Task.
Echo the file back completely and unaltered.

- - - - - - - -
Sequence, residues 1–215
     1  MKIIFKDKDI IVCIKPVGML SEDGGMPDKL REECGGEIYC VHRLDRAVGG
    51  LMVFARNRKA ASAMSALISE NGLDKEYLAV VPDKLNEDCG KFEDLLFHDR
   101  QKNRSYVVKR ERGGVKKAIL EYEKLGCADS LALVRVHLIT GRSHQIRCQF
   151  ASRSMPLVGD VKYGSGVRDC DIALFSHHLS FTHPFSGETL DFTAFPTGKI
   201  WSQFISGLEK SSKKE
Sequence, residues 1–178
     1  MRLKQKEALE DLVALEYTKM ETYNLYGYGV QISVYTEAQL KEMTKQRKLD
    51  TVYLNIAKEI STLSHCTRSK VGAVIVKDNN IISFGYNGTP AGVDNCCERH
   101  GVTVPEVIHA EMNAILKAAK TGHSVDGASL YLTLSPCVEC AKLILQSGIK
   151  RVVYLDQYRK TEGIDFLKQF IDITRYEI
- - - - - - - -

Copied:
Sequence, residues 1–215
     1  MKIIFKDKDI IVCIKPVGML SEDGGMPDKL REECGGEIYC VHRLDRAVGG
    51  LMVFARNRKA ASAMSALISE NGLDKEYLAV VPDKLNEDCG KFEDLLFHDR
   101  QKNRSYVVKR ERGGVKKAIL EYEKLGCADS LALVRVHLIT GRSHQIRCQF
   151  ASRSMPLVGD VKYGSGVRDC DIALFSHHLS FTHPFSGETL DFTAFPTGKI
   201  WSQFISGLEK SSKKE
Sequence, residues 1–178
     1  MRLKQKEALE DLVALEYTKM ETYNLYGYGV QISVYTEAQL KEMTKQRKLD
    51  TVYLNIAKEI STLSHCTRSK VGAVIVKDNN IISFGYNGTP AGVDNCCERH
   101  GVTVPEVIHA EMNAILKAAK TGHSVDGASL YLTLSPCVEC AKLILQSGIK
   151  RVVYLDQYRK TEGIDFLKQF IDITRYEI